With regard to the 'empty and unordered universe' section, I would define an ordered system to be something which contains repetitive, predictable structures and processes - like earth and the sun and other stars. In between these is space, which contains very few particles and some radiation, and has no inherent order. Physics also says that the order in any system will tend to decrease over time (think of smashing a glass of water). In terms of the actual numbers of particles in the universe, there are a vast amount, but mostly they exist as small areas of ordered systems (due to gravity and electrostatic attraction) with incredible distances between them. I suppose what I'm driving at is that it seems illogical to create an entire universe containing huge numbers of small ordered systems and then use only one area to begin life. If a higher being had the power to create such a universe with the intent of populating it with lifeforms, why not build in more control, or structure it more for the benefit of the lifeforms that it was created for?

As I said, I don't know the anwsers, but the questions are thought provoking. I guess that many people - especially christians - would get upset thinking about them, as I have witnessed personally. I don't like being told constantly by christians that 'god' loves me, or that I'm going to hell because of x, y and z, especially when there are invariably discrepancies and contradictions in their arguments.

Glad to hear that you're considering/ using Ubuntu Linux! My experience of Kubuntu (a related offshoot) has been great so far, and I'd definitely recommend it.
And if you can korero in Te Reo, then I salute you - as a Scot, I know what it's like to have your culture taken away from you. I really wish that I had been able to learn Gaelic in school. But that's a subject for another post.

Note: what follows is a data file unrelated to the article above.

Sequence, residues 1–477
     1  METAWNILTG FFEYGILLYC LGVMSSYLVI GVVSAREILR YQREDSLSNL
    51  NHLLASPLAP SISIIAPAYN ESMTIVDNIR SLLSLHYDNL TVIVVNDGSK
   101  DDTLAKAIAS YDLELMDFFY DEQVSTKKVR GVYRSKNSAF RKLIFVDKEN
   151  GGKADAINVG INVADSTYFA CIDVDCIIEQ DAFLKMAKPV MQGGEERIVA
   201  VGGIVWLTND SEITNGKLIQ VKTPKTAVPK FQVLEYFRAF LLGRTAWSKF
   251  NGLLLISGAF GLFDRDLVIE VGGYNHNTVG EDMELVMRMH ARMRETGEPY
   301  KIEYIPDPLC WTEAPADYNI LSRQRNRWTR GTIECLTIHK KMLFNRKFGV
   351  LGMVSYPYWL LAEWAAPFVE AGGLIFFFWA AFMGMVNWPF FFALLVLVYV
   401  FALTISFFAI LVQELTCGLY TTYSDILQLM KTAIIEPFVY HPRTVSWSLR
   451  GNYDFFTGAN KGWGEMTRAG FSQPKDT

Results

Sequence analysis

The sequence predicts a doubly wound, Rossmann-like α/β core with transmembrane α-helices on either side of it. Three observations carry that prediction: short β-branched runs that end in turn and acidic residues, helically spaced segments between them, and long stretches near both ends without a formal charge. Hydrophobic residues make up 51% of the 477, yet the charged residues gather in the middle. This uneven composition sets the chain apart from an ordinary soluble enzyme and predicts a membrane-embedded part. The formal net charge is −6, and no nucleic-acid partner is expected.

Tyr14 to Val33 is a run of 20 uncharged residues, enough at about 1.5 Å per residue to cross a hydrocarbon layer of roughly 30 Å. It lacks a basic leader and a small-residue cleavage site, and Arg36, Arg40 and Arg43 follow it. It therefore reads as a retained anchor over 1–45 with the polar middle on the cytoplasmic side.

Best Regards,


6:29 PM  
Blogger Matthew Blake said...

That's a completely fascinating quote from Epicurus. Very tough questions, ones that I can only remember people brushing over as a child in church and Christian school.

Thanks for the note on my blog. I've spent a few minutes on the Positive Athiesm website, but haven't had a chance yet to study it more closely. It's interesting, because I've never even heard of such a thing. Athiesm, as it's always been defined to me, necessitates futile thinking. It's interesting to hear the word "positive" in front of it.

I also am intrigued because the tenets seem to be exactly the things that I am sincerely passionate and concerned about pursuing. Society, community, the value of the individual - these things are important to me, and so I'm instantly drawn to that part of the philosophy.

Thanks for the concern, & I will keep in touch as I look into it more.

2:23 PM  
Anonymous Anonymous said...

1. Absolutely. Creativity is the fundamental nature of the thing we call God. As individualized expressions of this creativity, it is our nature to create as well.

2. We neither begin nor terminate life. That is the mistaken belief of our egotistical, self-important and shortsighted culture.

3. I have no idea in the world.

Thanks for your thoughtful questions.

9:09 AM  
Anonymous Peter R. said...

I have a very, very philosophical mind. Maybe too much so. I believe in the possibility of a god but am not convinced that there is or is not one.
I agree with the first point you made about genetic engineering but don't have many meaningful comments on it.
I don't know where 'life is flimsy' comes from but the point you made is very true.
Now, about that Epicurus quote. That kind of thing has crossed my mind but I was never able to think of it so clearly.
This is just a list of philosophical concepts that lurk in my mind.
-What evidence is there of the existence of a god? How is there no god with all those inexplainable things? Some of the following are examples and separate philosophies.
-The beginning of life.
-The beginning of time.
-The first form of matter.
-The first form of energy.
-If matter can't be destroyed or created how did it come to exist? [same point with energy]
-Mental things: What is mind? How do we imagine things? I can build a lot off that one specifically.
-What is 'understanding'? How do some people understand things while others don't? [adding to my complicated point of mentality]
I can't think of any more at the moment but I know there are more in my head.

5:08 PM  

Post a Comment

<< Home